• Seventy-six percent of millennials consider a company’s social and environmental commitments when deciding where to work
  • 64% of millennials would not take a job if a potential employer didn’t have strong corporate social responsibility practices in place
  • Eighty-eight percent of millennials say their job is more fulfilling when they are provided opportunities to make a positive impact on social and environmental issues

Environment and Society 

Do what you can to reduce your carbon footprint. Recycle, reuse, spend the extra dime to change to a supplier who is also environmentally friendly. Any steps they can take to reduce those footprints are considered good for both the company and society and can be publicised for the company’s benefit.

It really helps if the company’s culture shifts towards being environmentally friendly. If the employees of the company consider the environment every time they make a business decision, those little things can add up to substantial reduction in your carbon footprint. Natura, a Brazilian cosmetic company focuses on preserving biodiversity and traditional knowledge and culture in Amazonia. Their products are sustainably-sourced and biodegradable and has diversified its suppliers to empower smaller communities to reap the benefits of the company’s success. 

Ethical Labour Practices

I mentioned that millennials want to work at a company that has in place a strong CSR policy and a culture of responsibility towards society-at-large. And while ethical labour practices should also apply to them, this section is more concerned with companies that have businesses in countries that have atrocious worker protection laws, like China and Bangladesh. A fair-trade certification is a good way to show that your business adheres to ethical labour practices. Don’t be ignorant of criminal or unethical labour practices that happen within the warehouses and factories of your own company. Or those that your contractors and suppliers, and even your clients might engage in. It’s important to actively monitor how employees are treated in the course of business, and if unethical labour practices are discovered, quickly take steps to rectify this.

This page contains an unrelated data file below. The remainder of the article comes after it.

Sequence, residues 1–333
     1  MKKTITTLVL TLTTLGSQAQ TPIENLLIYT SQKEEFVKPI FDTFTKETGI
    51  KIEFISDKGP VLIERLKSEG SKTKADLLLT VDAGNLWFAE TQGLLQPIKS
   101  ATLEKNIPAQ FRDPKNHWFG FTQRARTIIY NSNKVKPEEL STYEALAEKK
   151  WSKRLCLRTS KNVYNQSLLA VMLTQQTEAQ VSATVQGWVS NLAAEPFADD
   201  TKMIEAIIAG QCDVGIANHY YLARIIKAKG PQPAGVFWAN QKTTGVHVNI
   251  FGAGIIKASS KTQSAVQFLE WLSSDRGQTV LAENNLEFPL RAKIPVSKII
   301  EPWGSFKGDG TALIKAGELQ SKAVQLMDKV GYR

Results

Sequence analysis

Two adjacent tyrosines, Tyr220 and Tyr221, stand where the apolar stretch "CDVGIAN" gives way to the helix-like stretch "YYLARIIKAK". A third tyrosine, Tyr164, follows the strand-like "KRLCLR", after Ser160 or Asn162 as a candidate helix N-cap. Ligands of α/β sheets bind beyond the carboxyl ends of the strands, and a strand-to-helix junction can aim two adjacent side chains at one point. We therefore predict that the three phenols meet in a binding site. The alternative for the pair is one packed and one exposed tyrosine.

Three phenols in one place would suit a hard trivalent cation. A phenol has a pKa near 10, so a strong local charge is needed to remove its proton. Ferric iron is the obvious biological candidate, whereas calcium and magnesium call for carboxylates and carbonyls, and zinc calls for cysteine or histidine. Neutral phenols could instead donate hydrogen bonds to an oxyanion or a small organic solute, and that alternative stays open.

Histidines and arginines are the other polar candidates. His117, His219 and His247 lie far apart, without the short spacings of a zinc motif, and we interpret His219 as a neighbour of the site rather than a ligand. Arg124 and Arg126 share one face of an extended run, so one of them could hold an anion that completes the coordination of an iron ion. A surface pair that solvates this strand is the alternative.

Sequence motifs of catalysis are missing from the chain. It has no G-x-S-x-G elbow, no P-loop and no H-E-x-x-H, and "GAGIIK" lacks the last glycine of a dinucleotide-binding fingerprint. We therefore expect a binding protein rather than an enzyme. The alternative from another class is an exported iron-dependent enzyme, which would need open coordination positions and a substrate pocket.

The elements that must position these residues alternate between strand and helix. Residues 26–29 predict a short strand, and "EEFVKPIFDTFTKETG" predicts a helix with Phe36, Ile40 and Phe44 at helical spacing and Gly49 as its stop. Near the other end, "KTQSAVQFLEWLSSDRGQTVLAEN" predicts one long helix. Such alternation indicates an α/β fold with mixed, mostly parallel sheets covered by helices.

Philanthropy and Community Engagement

Have a positive impact in the areas that your business operates in. This can be achieved by practicing social responsibility and donating money, products or services to social causes and non-profits that fosters sustainable growth and development in the community. I buy from BOMBAS, a company that sells socks, even though their prices are not cheap because they donate a pair of socks to charity for every pair they sell. So far, they’ve donated over 28 million pairs. 

A responsible, conscientious and sustainable approach to running a company is the only way forward.

This article does not constitute legal advice.

The opinions expressed in the column above represent the author’s own.

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READ MORE: Your Social Media Policy Could Determine Whether Your Business Lives Or Dies

RELATED READING: How Millennials Are Changing The Workforce Of Today